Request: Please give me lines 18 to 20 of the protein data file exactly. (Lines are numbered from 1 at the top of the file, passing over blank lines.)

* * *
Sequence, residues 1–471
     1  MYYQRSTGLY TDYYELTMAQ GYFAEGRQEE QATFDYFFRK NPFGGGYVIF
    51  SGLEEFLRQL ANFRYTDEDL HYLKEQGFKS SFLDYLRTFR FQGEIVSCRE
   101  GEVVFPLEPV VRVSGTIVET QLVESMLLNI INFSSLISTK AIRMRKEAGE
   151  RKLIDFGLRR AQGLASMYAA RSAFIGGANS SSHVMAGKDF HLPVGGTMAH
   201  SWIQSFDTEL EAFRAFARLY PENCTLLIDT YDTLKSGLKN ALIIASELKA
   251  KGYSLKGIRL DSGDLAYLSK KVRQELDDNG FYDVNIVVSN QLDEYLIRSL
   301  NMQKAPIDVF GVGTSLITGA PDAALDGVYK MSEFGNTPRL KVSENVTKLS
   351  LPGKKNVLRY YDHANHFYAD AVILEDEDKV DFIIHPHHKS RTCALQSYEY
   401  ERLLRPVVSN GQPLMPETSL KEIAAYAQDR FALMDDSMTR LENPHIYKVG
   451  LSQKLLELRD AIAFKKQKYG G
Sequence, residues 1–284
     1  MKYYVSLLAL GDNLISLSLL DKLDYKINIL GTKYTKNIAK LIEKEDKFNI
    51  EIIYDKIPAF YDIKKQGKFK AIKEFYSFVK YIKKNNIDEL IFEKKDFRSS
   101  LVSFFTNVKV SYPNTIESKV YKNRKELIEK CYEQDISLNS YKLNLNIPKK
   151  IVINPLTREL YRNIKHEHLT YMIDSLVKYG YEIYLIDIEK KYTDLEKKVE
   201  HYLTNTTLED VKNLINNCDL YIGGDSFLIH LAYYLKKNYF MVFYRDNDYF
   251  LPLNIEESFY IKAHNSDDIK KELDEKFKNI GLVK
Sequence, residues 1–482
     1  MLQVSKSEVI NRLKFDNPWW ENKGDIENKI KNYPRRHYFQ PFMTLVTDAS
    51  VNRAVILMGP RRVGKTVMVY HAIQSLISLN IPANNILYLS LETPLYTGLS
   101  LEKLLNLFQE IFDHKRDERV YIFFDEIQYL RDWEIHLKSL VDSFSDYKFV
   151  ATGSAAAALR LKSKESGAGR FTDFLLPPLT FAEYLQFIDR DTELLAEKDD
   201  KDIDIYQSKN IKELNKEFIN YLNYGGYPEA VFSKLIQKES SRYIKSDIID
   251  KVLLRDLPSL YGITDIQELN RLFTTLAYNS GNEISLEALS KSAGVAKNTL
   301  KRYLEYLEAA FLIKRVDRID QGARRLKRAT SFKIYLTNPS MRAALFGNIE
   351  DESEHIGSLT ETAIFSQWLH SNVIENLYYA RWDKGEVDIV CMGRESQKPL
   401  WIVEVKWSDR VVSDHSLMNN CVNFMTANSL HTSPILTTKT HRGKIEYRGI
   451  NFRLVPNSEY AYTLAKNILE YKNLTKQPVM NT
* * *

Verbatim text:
   251  LPLNIEESFY IKAHNSDDIK KELDEKFKNI GLVK
Sequence, residues 1–482
     1  MLQVSKSEVI NRLKFDNPWW ENKGDIENKI KNYPRRHYFQ PFMTLVTDAS